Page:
The M4 Sherman, officially Medium Tank, M4, was the most widely used medium tank by the United States and Western Allies in World War II. The M4 Sherman proved to be reliable, relatively cheap to produce, and available in great numbers. It was also the basis of several successful tank destroyers, such as the M10, Achilles and M36. Tens of thousands were distributed through the Lend-Lease program to the British Commonwealth and Soviet Union. The tank was named by the British for the American Civil War general William Tecumseh Sherman.
The M4 Sherman tank was produced in several variants and it was also the basis for a number of related vehicles. In addition, Shermans have been modified by several nations from modernization upgrades to complete hull conversions for another task. The wide array of special duties that a tank could be used for were just being explored by armies around the world in the early 1940s. Theories of what vehicles were supposed to be engaging enemy tanks changed as vehicles like the Sherman often found themselves up against enemy armor, and consequently some of the most important initial changes centered around up gunning the basic vehicle. Improving the vehicles mobility, protection, and creating specific variants for infantry support roles soon followed.
The M4A3E2 Sherman was one of the first ‘Jumbos” produced. In March of 1944, the US government inked a deal that would bring it some 254 of the modified Shermans to life to which the Ordnance Committee applied the designation of “M4A3E2” to the type – “E” signifying the type as an “experimental design.” Production of the upgraded Sherman commenced at light speed to help get the armor up to the front lines as quickly as possible. So, Fisher Body upgraded the Sherman M4A3 hull by adding an extra 1.5” of armor plate to the hull front and sides. The original turret was also replaced with a new casting that had a maximum armor of 6” thick with a 7” thick gun shield. The added armor increased the weight of the tank from 35 to 42 tons.
By late 1944, the M4A3E2 was already being delivered into the eager hands of awaiting American tank crews and commanders in Europe. The first vehicles arrived in the New York port on the 14th of August 1944. On the 29th, the 12th Army Group was informed by the War Dept that 250 M4A3E2 Assault tanks had been released and would be in the ETO in September. On the 1st September, the 3rd Armored Division put in a request for 150 M4A3E2s from 12th Army Group. The first 128 Jumbos arrived in France via Cherbourg on the 22nd September 1944.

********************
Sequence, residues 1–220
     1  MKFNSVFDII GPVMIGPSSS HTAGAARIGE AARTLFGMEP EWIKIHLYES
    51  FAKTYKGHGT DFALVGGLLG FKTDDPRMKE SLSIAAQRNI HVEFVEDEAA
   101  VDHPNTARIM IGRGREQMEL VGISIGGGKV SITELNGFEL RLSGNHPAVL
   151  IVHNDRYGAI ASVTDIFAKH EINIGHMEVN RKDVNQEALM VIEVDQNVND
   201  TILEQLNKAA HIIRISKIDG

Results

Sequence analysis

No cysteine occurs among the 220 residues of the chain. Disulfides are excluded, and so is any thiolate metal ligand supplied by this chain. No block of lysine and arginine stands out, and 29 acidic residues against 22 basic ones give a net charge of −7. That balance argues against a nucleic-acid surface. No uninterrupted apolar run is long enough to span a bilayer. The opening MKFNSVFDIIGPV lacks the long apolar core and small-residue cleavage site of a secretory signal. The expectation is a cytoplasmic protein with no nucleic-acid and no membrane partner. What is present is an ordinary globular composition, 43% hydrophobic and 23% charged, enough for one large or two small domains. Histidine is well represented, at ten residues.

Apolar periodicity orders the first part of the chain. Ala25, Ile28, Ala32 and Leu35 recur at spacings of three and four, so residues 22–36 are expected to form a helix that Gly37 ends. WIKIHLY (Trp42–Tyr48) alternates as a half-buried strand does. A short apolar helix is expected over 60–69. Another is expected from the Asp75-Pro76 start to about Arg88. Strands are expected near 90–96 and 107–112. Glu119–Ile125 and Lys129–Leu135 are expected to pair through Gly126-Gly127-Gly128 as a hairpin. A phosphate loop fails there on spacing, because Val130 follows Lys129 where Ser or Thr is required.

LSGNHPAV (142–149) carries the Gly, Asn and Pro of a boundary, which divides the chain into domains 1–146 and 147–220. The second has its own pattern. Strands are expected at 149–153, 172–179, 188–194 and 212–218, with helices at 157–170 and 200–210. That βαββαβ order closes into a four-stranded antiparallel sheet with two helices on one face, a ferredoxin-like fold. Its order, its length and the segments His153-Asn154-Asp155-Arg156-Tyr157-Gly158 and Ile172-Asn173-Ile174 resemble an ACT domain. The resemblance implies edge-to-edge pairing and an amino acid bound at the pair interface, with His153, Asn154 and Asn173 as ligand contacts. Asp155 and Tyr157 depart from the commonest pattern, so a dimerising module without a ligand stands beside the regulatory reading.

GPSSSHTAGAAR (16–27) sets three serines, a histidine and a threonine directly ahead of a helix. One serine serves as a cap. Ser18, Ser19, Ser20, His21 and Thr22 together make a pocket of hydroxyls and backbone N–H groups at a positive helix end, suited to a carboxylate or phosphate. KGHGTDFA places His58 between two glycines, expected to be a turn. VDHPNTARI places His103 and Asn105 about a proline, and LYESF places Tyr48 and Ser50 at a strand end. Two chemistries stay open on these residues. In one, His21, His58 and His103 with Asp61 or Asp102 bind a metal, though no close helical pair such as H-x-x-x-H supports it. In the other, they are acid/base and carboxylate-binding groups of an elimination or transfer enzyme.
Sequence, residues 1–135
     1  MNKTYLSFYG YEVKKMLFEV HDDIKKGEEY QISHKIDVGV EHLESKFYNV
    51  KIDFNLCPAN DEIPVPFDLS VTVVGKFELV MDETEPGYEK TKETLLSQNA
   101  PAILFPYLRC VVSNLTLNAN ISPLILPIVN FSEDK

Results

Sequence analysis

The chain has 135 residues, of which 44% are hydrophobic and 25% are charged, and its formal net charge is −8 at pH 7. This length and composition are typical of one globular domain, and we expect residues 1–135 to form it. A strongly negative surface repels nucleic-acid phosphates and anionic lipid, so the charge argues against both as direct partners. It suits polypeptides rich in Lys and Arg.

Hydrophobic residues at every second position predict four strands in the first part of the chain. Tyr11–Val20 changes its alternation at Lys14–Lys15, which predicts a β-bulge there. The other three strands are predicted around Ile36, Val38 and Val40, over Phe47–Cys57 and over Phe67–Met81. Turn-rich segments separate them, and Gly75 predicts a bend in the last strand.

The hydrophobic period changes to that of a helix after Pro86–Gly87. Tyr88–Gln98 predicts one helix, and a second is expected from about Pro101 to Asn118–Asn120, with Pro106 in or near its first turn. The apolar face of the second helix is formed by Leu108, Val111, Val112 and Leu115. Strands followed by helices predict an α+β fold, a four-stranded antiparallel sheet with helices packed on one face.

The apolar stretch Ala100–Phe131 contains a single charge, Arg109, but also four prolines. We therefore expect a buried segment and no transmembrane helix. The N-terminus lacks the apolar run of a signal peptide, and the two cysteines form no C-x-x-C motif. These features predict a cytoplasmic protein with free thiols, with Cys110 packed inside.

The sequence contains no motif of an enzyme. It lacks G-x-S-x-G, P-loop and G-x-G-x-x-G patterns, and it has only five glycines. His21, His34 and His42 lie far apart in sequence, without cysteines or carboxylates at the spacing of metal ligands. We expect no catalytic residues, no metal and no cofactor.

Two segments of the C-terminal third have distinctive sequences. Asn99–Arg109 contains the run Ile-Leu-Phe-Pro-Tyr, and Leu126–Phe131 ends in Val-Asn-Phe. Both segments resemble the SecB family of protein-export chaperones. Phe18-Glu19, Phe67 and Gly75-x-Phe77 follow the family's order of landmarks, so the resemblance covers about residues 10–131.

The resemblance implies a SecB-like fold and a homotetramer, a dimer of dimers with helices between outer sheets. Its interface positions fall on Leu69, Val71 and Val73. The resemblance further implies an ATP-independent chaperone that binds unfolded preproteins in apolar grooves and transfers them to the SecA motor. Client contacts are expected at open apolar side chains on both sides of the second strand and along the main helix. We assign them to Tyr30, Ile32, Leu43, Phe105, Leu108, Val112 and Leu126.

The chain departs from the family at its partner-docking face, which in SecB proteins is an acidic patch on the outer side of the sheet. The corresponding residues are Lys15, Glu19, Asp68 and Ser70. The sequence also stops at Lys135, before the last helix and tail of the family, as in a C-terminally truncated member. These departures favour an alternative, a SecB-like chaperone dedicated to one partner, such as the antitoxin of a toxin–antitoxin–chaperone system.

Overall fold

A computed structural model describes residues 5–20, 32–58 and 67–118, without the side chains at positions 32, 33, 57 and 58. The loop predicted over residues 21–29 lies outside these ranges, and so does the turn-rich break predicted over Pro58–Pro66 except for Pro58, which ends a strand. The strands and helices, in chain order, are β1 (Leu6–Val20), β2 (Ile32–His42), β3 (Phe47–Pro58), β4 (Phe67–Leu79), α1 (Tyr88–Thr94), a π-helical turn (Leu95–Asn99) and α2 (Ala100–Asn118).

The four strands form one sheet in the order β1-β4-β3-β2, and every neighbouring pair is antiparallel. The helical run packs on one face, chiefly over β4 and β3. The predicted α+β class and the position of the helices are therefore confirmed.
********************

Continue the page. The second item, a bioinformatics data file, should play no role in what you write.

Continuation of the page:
The first thirty six tanks were issued to the US First Army on the 14th October and were then issued to individual tank battalions. Fifteen to the 743rd, fifteen to the 745th and six to the 746th. On the 18th October, Normandy beach depots recorded having seventeen on hand, twenty four released to Armies and nineteen on route to Third Army. By the 24th October Army allocations for delivery had been confirmed as:
First Army – 105 M4A3E2 Jumbos
Third Army – 90 M4A3E2 Jumbos
Ninth Army – 60 M4A3E2 Jumbos
The last recorded delivery was on the 9th November when 746th Tank Battalion of the First Army was issued a further nine Jumbo’s. The Jumbo proved popular due to its ability to stop many German anti-tank rounds. A Jumbo Sherman called “Cobra King” was the first tank to reach the besieged 101st Airborne Division at Bastongne on December 26, 1944.
More radical variants followed, first with experiments with flotation screens in preparation for the invasion of Europe by Allied forces in 1944, and later by the addition of rocket launching equipment mounted on the turret. Extensive work on creating mine clearance devices to be attached to Shermans or out of Shermans in some fashion was also conducted up until the end of the Second World War. Much of the war time equipment remained for training or was placed in storage. Some 96 Sherman Jumbos were still in the US inventory in 1948, this out of the 50,000 or so Shermans produced in all.